We have implemented a novel user-space file system, called CRUISE, that stores data in main memory and transparently spills over to other storage, like local flash memory or the parallel file system, as needed. This technique extends the reach of libraries like SCR to systems where they otherwise could not be used. Furthermore, we expose file contents for Remote Direct Memory Access, allowing external tools to copy checkpoints to the parallel file system in the background with reduced CPU interruption. Our file system scales linearly with node count and delivers a 1 PB/s throughput at three million MPI processes, which is 20x faster than the system RAM disk and 1000x faster than the parallel file system.
To the left is a high-level view of the interactions between components in SCR and CRUISE. On the left, we show the current state-of-the-art with SCR, and on the right, we show SCR with CRUISE. In both cases, all compute nodes can access a parallel ﬁle system. Additionally, each compute node has some type of node-local storage media such as a spinning disk, a ﬂash memory device, or a RAM disk.
In the SCR-only case, the MPI application writes its checkpoints directly to node-local storage, and it invokes the SCR library to apply cross-node redundancy schemes to tolerate lost checkpoints due to node failures. For the highest level of resiliency, SCR writes a selected subset of the checkpoints to the parallel ﬁle system. By using SCR, the application incurs a lower overhead for checkpointing but maintains high resiliency. However, SCR cannot be employed on clusters with insufficient node-local storage.
In the SCR-CRUISE case, checkpoints are directed to CRUISE. All application I/O operations are intercepted by the CRUISE library. File names preﬁxed with a special mount name are processed by CRUISE, while operations for other ﬁle names are passed to the standard POSIX routines. CRUISE manages ﬁle data in a pre-allocated persistent memory region. Upon exhausting this resource, CRUISE transparently spills remaining ﬁle data to node-local storage or the parallel file system. This conﬁguration enables applications to use SCR on systems where there is only memory or where node-local storage is otherwise limited.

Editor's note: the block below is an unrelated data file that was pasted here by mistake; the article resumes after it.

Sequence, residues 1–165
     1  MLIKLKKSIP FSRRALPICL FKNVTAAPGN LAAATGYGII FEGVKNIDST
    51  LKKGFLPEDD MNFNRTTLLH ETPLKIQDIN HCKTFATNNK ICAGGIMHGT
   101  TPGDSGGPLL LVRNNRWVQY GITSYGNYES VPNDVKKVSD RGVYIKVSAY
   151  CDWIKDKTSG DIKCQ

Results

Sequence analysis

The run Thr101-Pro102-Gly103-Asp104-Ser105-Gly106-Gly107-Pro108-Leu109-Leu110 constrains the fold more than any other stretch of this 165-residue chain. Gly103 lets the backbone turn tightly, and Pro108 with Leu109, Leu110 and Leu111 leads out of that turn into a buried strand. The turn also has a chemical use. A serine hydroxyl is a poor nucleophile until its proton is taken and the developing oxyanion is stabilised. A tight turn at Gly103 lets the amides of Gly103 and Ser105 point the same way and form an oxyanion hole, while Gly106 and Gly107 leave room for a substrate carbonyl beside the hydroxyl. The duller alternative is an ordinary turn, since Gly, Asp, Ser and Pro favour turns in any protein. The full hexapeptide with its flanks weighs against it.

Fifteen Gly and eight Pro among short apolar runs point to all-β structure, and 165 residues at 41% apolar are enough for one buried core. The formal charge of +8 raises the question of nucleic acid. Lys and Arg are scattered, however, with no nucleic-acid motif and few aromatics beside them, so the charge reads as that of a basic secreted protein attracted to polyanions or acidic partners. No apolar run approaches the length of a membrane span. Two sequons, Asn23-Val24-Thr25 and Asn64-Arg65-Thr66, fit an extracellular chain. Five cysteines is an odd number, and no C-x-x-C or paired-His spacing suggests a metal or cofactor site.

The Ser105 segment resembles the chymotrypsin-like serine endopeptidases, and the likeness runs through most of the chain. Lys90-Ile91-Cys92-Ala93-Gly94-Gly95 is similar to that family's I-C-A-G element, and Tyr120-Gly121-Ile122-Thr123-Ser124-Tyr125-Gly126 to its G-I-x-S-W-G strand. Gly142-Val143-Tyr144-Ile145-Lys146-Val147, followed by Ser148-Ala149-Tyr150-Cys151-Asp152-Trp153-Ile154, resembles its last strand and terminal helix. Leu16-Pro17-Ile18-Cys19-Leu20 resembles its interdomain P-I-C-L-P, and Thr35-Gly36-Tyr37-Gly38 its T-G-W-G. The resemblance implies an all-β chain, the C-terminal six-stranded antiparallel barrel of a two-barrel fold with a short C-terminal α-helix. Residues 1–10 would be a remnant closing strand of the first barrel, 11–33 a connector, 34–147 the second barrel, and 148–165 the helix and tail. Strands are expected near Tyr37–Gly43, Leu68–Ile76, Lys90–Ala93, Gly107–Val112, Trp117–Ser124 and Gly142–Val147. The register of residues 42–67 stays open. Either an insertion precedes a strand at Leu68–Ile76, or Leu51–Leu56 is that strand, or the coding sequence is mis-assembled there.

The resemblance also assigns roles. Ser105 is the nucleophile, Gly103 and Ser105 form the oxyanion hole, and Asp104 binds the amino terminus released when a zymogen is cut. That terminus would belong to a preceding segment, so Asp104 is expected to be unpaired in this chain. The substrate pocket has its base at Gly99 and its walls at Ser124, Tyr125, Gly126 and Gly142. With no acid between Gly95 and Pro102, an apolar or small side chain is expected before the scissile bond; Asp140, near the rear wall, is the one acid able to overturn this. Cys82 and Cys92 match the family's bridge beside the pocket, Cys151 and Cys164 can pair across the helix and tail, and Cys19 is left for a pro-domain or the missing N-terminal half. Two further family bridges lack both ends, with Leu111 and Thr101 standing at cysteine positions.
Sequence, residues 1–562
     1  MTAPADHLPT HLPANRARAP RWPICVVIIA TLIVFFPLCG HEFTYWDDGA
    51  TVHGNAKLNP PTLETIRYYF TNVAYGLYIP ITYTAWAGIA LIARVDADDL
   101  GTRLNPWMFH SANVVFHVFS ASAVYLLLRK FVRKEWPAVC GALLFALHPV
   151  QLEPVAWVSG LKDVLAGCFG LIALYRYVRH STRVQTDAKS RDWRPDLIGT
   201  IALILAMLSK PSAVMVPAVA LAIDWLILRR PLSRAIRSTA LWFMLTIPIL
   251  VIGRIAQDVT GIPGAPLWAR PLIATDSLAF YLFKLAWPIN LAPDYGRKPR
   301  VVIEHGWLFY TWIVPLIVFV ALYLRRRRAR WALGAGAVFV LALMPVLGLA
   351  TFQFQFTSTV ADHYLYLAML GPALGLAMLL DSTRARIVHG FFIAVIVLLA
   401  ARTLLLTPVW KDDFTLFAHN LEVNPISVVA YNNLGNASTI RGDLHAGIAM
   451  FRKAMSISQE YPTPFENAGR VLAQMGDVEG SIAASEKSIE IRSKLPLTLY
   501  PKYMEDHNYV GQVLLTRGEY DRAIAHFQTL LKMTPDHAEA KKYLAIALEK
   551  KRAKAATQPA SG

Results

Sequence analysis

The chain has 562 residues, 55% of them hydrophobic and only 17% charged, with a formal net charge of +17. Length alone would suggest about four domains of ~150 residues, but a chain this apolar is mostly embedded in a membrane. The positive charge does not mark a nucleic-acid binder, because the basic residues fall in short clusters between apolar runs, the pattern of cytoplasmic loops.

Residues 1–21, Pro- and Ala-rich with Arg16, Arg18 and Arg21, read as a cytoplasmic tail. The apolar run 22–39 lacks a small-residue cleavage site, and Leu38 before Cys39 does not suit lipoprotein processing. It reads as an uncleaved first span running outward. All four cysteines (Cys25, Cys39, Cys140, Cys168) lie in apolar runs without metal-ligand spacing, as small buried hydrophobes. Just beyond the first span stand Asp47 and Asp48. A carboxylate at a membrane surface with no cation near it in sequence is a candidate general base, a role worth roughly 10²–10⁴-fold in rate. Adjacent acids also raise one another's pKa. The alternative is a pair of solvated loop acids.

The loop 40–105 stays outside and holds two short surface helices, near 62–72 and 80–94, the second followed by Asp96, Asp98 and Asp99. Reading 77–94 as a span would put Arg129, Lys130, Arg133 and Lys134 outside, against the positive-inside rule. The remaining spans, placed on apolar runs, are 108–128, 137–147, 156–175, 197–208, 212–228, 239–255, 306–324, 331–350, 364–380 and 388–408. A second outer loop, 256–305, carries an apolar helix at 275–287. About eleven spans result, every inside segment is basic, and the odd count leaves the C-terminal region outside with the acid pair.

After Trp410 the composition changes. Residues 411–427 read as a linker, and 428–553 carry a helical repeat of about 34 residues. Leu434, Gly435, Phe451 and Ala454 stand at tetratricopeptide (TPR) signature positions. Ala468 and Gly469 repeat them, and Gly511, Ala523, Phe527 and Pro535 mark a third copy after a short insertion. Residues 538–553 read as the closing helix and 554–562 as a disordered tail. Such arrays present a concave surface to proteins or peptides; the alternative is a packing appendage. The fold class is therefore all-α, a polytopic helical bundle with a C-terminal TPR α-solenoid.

The CRUISE ﬁle system is maintained in a large block of persistent memory. The size of this block can be speciﬁed at compile time or run time. So long as the node does not crash, this memory persists beyond the life of the process that creates it so that a subsequent process may access the checkpoints after the original process has failed. When a subsequent process mounts CRUISE, the base virtual address of the block may be different. Thus, internally all data structures are referenced using byte offsets from the start of the block. The memory block does not persist data through node failure or reboot. In those cases, a new persistent memory block is allocated, and SCR restores any lost ﬁles by way of its redundancy schemes.
RDMA allows a process on a remote node to access the memory of another node, without involving a process on the target node. The main advantage of RDMA is the zero-copy communication capability provided by high-performance interconnects such as InﬁniBand. This allows the transfer of data directly to and from a remote process' memory, bypassing kernel buffers. This minimizes the overheads caused by context switching and CPU involvement.
Given that the data managed in CRUISE is already in memory, we expose an interface for discovering the memory locations of files for efficient RDMA access in CRUISE. The local agent can then communicate the memory locations to the remote agent. This method eliminates the additional memory copies and enables the remote agent to access the ﬁles without further interaction with the local agent.
You can download CRUISE from the source code repository hosted in GitHub
$git clone email@example.com:hpc/cruise.git cruise-code
Raghunath Raja Chandrasekar, Adam Moody, Kathryn Mohror, Dhabaleswar K. Panda, "A 1 PB/s File System to Checkpoint Three Million MPI Tasks" LLNL-CONF-592884, International Symposium on High Performance Distributed Computing 2013, New York City, NY, June 2013.